By Lara Climaco | FilAm Star Correspondent
While headline inflation hit a seven-year high last month at 4.6 percent, Budget Sec. Benjamin Diokno pointed out that the trend this year is actually decelerating and would continue to ease for the rest of the year.
The month-on-month inflation rate has dropped from 0.7 percent in March to 0.3 percent in April and hitting a low of 0.2 percent in May, the Department of Budget and Management (DBM) noted last week.
“We expect this to further taper in the second half of the year,” Diokno was quoted in an agency press release.
The drop will result from decreasing world crude prices and augmented buffer stocks of rice. In a joint statement on the May 2018 inflation report, government economic managers noted that global prices are expected to soften with major oil exporting countries discussing the possibility of increasing production. This would cut the cost of the country’s oil imports and pump prices. The Department of Energy’s plan to import diesel from non-OPEC countries and arrangements with local fuel retailers to provide discounts for public utility vehicles would likewise temper costs. Meanwhile, large tranches of rice imports expected to arrive starting month would make food cheaper for Filipino families, according to the joint statement issued by Diokno, Finance Sec. Carlos Dominguez III and National Economic and Development Authority (NEDA) Director-General and Socioeconomic Planning Sec. Ernesto Pernia.
Joining netizens outraged by NEDA’s initial claim that a typical Filipino family could live on PHP 10,000 per month, senators once again assailed the troubling impact of the Tax Reform for Acceleration and Inclusion (TRAIN) Act, which is being blamed for surging local prices.
“Kung titingnan niyo po, presyo, trabaho, ito ang No. 1 at No. 2 issues ng taumbayan. Honestly, every week ako nagiikot sa iba’t ibang parte ng Pilipinas. This is the No. 1 issue, it’s not the West Philippine Sea, it’s not the judiciary, it’s not the kiss of President Duterte. Iyon mga iyon, napag-uusapan lang iyan dito sa media, pero pagpunta mo sa mga komunidad, ang pinag-uusapan nila, presyo ng bilihin, di na nila kayang tustusan ang kanilang gastusin,” Sen. Bam Aquino said in a media interview last week.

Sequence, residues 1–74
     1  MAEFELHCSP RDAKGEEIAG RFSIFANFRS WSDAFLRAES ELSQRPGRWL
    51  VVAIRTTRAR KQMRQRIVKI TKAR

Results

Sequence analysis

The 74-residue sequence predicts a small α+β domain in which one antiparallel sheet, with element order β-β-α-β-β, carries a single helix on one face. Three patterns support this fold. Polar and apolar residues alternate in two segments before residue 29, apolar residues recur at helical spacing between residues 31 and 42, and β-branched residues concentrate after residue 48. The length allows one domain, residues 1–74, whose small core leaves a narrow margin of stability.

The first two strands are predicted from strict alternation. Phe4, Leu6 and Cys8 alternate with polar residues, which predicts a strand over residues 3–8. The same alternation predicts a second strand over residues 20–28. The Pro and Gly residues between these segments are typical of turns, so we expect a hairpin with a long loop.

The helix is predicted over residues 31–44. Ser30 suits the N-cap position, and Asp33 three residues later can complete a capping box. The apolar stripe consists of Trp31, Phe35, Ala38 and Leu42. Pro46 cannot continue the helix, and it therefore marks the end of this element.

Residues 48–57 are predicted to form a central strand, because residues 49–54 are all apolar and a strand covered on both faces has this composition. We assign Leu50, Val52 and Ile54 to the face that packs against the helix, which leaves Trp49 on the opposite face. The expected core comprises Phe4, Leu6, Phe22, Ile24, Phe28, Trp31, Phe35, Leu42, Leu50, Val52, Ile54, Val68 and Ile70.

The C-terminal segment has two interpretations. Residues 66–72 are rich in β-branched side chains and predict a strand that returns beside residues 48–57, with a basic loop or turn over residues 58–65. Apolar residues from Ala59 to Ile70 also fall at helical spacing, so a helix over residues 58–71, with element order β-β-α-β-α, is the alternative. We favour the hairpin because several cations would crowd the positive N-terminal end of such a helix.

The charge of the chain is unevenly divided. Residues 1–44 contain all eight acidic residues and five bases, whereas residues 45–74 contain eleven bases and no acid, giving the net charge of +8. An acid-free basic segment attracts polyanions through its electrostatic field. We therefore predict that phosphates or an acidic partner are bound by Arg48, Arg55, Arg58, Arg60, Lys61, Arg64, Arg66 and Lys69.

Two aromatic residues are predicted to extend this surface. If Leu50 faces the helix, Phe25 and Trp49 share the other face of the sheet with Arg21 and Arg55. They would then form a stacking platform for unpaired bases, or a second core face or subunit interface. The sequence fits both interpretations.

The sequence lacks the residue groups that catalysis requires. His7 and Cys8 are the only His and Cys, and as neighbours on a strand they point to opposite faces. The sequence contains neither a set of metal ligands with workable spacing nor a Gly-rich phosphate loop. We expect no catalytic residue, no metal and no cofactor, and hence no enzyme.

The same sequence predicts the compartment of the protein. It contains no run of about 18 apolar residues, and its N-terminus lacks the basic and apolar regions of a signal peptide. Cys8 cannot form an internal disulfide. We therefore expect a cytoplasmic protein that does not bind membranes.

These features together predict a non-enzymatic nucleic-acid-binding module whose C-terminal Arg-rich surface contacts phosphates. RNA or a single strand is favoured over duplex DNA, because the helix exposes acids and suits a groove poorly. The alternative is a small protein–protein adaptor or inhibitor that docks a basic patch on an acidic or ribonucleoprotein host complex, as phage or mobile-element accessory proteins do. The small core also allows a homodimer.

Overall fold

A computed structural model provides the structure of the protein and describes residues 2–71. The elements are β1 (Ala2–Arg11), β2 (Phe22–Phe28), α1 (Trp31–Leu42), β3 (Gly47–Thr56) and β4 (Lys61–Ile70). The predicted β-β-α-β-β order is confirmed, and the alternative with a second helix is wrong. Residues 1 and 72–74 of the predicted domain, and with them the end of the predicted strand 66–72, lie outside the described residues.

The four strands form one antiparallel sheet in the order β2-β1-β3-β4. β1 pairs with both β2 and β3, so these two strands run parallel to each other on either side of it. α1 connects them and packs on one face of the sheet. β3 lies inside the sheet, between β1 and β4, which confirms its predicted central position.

Aquino has filed a bill seeking the suspension of TRAIN, which he said already has the support of eight or nine senators. He thinks that TRAIN 2, the second package of the tax reform program that seeks to rationalize investment incentives, should be placed on the backburner until hitches in the implementation of TRAIN are ironed out.
Government economic managers have taken pains in explaining that TRAIN only contributes 0.4 percentage points to inflation or 9 centavos for every additional peso spent due to inflation, as opposed to the 0.7 percentage points or 15 centavos more for every peso, owing to external and other domestic factors such as rising crude prices and rice supply. They insist that TRAIN is needed to finance the massive infrastructure build-up that would make the Philippines competitive internationally, which then would improve the quality of life in the country. The Duterte administration expects to spend about PHP 8 to 9 trillion until 2022 for its ambitious Build program.
“We, the economic managers of the Duterte Administration, reiterate the government’s unwavering commitment to improve the lives of the Filipino people and bring lasting change to our country. The administration is steadfast in the conviction that we can build a prosperous, high-income economy with a predominantly middle-class society by 2040.
Toward this objective, our economic program must generate the required resources so that we can continue to make investments in our people’s health and education, security and public order, and to build world-class infrastructure,” according to their joint statement.
“Staying the course will not always be easy but we owe it to our people, our children, and future generations. We know that we are going through a challenging period. The government is closely monitoring and taking steps to address the difficulties experienced by Filipino families today arising from higher prices,” they added.
TRAIN 2 is not likely to sail through the Senate as easily as TRAIN did last year because more price increases are already programmed over the next few years.
“Isipin mo, in January of 2019, may isa pang round iyan ng pagtaas ng presyo. Akala ng mga tao, TRAIN 2 iyan. Hindi po, TRAIN 1 pa rin iyan. In January of 2020, may isang round pa iyan ng pagtaas ng presyo. Papayag ba tayo na napakataas na, dadagdagan pa natin? I don’t think it’s logical. Sa akin, sana ma-tackle muna natin ang pag-suspend, pag-rollback, bigyan natin ng kaunting lunas ang mga tao. Then in that atmosphere, we can start tackling TRAIN 2 na mas maayos at makita natin ang balance na hinahanap ng ating mga industriya,” Aquino said.
Sen. Win Gatchalian has filed a bill seeking to lift quantitative restrictions on rice imports.
The move is expected to ease retail prices of the staple commodity by as much as PHP 8 per kilo and result in savings of up to PHP 3,600 for households consuming an average of 450 kilos per year. Government economic managers often cite this as an immediate solution to inflation woes.